Jason put you in the hospital, and your parents finally Did Something - they put you in another hospital, in an adolescent psychiatric ward. The orderly led you in, your duffel bag slung over your shoulder; you were still wearing Jason's bruises, and you saw who paid particular attention to them. The boys on the other side of the partition, through the plexiglass wall. A few of the girls, who looked away quickly as if afraid to be caught noticing.
And Kai. Kai curled up on the sofa of the dayroom, ignoring the TV; Kai staring directly at you, the only one who met your eyes. Kai defiant.
You looked away first. Of course you did.
Of course she became your roommate.
She leaned against the door and demanded your story, and you gave up on no early on, and you let it pour out - not pour, not really, because it came out in jagged clumps. You had never spoken of it. Not about Jason. Not about his father.
"But you moved in with him," she said.
You don't know how to answer. You did.
"You should've left, if you really didn't want him."
"I didn't feel like I could."
"And you never liked it?"
You don't know how to answer. How you felt never had anything to do with it.
She laughed, low and bitter. "Years. You never liked it? You never came?"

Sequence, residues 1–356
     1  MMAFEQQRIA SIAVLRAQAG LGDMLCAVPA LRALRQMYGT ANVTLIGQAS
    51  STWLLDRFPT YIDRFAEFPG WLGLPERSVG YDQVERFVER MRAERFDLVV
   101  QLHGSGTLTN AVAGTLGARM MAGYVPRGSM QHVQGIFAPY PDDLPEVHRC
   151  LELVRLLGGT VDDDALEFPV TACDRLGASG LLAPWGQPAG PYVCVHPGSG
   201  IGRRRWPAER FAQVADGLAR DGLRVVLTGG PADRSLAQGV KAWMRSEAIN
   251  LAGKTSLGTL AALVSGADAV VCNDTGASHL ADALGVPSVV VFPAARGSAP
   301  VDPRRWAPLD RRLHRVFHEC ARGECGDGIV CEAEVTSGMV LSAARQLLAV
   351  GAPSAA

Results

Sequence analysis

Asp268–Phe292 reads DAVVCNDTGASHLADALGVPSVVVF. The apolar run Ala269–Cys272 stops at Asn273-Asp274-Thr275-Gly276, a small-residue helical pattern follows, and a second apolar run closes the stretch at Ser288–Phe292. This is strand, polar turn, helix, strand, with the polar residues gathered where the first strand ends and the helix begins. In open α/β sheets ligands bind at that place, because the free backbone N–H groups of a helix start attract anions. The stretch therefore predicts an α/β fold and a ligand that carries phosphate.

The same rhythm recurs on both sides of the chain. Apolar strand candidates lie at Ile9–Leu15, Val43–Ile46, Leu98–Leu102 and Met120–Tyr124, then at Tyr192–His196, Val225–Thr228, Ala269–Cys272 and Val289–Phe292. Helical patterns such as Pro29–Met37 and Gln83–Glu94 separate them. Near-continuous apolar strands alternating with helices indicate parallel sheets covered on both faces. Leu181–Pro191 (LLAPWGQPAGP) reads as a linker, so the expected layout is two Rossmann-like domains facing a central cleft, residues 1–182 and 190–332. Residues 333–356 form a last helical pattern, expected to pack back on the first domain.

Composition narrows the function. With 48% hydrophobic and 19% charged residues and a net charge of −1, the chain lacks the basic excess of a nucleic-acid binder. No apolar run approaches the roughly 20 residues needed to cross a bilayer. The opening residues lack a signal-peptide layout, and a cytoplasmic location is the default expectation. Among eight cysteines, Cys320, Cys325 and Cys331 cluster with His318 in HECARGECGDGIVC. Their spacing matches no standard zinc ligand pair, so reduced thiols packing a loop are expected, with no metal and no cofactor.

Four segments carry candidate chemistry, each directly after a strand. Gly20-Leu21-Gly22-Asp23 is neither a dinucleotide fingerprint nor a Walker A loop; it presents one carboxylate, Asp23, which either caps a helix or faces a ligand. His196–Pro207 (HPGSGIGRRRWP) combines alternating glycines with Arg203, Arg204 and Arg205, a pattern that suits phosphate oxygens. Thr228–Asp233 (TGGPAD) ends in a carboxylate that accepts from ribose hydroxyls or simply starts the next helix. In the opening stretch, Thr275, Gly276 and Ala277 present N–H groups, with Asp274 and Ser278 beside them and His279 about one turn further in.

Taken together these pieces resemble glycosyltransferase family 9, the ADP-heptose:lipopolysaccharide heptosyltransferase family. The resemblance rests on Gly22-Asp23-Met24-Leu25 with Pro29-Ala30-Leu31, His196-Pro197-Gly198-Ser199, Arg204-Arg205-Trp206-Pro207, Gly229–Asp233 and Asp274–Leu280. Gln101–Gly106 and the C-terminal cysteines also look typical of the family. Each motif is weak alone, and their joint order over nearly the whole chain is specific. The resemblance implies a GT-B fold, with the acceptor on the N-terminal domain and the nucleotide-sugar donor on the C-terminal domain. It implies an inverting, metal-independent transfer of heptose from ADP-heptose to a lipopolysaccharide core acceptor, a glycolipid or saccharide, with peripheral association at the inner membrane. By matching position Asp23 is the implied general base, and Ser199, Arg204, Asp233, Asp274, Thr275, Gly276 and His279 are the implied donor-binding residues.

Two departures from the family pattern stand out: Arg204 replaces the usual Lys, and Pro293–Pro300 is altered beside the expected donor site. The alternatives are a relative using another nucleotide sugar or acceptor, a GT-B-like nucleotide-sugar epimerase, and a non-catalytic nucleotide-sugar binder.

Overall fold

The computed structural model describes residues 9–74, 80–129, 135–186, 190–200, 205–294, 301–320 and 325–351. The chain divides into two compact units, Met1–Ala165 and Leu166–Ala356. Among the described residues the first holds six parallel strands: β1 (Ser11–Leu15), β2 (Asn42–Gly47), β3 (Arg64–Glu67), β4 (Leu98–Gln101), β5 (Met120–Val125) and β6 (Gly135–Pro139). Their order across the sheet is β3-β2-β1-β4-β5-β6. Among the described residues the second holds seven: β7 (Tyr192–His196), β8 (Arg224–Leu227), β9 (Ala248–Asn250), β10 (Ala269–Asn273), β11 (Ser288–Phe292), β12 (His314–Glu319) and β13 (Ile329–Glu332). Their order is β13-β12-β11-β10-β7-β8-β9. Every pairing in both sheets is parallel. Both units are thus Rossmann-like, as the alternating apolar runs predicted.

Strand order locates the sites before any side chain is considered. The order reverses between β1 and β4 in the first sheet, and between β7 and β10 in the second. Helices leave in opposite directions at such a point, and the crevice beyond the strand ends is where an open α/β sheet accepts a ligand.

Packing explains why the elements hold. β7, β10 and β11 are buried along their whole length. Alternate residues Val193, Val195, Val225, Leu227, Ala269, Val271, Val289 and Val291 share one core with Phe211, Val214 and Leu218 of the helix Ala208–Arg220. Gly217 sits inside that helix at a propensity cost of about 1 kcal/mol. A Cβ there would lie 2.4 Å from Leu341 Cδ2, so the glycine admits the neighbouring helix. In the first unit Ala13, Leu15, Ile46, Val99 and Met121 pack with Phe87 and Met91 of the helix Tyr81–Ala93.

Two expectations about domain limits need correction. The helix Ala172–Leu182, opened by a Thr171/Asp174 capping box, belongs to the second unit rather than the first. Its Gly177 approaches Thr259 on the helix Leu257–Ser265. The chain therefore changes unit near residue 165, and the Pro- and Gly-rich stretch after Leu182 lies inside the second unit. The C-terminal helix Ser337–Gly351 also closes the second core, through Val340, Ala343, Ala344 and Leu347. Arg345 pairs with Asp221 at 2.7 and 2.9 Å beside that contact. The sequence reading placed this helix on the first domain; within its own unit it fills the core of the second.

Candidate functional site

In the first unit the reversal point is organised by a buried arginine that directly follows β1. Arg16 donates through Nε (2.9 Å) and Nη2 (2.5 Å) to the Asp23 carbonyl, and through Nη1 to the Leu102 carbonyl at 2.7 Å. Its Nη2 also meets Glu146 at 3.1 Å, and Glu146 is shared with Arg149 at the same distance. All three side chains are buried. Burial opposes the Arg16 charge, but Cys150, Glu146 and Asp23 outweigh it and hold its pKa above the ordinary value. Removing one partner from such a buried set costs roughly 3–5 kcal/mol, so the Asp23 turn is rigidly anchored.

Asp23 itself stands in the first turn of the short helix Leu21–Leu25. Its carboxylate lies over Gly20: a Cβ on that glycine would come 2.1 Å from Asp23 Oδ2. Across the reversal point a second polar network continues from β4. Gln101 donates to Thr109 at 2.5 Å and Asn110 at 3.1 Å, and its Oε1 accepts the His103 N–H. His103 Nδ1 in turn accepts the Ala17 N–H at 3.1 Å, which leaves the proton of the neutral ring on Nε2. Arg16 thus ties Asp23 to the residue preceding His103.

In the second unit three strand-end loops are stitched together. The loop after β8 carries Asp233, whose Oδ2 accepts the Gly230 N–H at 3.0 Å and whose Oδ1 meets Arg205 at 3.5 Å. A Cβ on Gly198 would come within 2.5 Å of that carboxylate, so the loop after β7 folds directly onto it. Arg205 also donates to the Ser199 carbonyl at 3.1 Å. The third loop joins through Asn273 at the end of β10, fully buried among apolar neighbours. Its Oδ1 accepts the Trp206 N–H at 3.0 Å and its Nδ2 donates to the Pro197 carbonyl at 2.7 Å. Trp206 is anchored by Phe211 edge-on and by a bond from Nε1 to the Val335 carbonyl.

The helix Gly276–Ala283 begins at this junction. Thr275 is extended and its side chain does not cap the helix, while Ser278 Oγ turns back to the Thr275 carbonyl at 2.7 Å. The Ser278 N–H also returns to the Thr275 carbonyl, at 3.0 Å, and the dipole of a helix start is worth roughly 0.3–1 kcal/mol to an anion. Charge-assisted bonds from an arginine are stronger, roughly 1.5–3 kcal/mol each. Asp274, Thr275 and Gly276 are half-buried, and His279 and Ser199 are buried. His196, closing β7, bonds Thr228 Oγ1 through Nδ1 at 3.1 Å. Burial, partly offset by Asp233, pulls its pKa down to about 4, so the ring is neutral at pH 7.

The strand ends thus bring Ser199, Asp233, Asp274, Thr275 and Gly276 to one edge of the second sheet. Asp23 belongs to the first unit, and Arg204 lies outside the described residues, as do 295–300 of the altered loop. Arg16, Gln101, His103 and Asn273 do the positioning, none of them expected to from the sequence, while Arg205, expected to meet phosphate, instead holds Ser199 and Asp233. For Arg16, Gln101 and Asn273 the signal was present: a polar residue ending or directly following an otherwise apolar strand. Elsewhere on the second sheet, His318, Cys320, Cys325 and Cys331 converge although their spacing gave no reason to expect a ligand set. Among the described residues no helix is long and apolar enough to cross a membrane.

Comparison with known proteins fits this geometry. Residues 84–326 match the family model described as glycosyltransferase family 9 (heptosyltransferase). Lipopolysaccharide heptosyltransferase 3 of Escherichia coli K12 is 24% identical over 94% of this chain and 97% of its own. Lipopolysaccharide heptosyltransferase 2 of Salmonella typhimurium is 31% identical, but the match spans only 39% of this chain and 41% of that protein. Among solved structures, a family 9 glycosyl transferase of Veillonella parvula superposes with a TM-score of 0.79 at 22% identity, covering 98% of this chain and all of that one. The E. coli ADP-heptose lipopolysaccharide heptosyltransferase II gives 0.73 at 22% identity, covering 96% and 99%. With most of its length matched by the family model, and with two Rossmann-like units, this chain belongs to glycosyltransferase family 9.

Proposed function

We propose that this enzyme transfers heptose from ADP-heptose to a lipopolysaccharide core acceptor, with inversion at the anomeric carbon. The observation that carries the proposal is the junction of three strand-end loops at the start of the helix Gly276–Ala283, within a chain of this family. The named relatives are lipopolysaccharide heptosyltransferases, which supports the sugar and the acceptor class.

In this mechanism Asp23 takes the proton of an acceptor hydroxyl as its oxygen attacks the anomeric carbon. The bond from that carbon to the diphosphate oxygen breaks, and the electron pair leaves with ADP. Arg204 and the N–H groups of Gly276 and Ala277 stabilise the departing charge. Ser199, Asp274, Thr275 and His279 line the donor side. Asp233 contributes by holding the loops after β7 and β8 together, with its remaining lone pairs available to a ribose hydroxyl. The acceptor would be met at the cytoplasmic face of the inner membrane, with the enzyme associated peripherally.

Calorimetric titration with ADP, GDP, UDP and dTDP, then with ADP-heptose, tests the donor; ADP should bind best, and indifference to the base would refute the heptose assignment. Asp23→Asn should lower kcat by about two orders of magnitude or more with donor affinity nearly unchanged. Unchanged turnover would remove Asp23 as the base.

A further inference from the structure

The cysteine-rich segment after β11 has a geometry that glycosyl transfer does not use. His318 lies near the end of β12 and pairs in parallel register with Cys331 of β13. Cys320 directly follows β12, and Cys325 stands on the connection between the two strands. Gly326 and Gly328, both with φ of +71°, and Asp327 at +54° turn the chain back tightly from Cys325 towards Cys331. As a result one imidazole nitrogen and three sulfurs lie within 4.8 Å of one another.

You are silent, you are still. You can't answer. Because you did, but he hurt you. You did, but you almost died at his hands. You did, but his father -
She laughed again. "I thought so."
And to her, you are weak and you are prey.
"Give Help, Not Blame" original artwork by Heather Keith Freeman of FireSea Studios. 10"x14", pen and ink on watercolor paper. Heather has an excellent blog post about this piece here. This auction is for the original physical work, not reproduction or sale rights, which are retained by Heather.
This post requires bonus disclaimer in that you need to know that Kai is, of course totally fucking wrong, here and everywhere - and I'm sure you get that everywhere else, but I need you to hear it here, because victim-blaming is massively pervasive. We hear victim-blaming comments everywhere we go at BARCC. There are plenty of people who blame survivors for not leaving, or who point to a body's involuntary response to stimulus as evidence that the person wanted it.
We see victim-blaming a lot from other people considered at risk; we see it more from women than from men, actually. It seems to be our default setting, culturally, to other people - to pinpoint what that person did "wrong", so if you can just not do that, you will be safe. Because the alternative is unthinkable.
Calling her names will not make you safer. Blaming her for what someone else did to her will not make you safer. (Yes, him too; I'm quoting Heather's art is all.)
What will make you safer?
Dismantling rape culture. Getting educated and educating others. Breaking the Someone Else's Problem barrier. Being a good bystander and making it clear that you find sexual violence unacceptable.
For more on that, follow the BARCC blog!
Team Venture shoutout to belgatherial, bloganthonning halfway across the world in New Zealand!
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Current total: $665.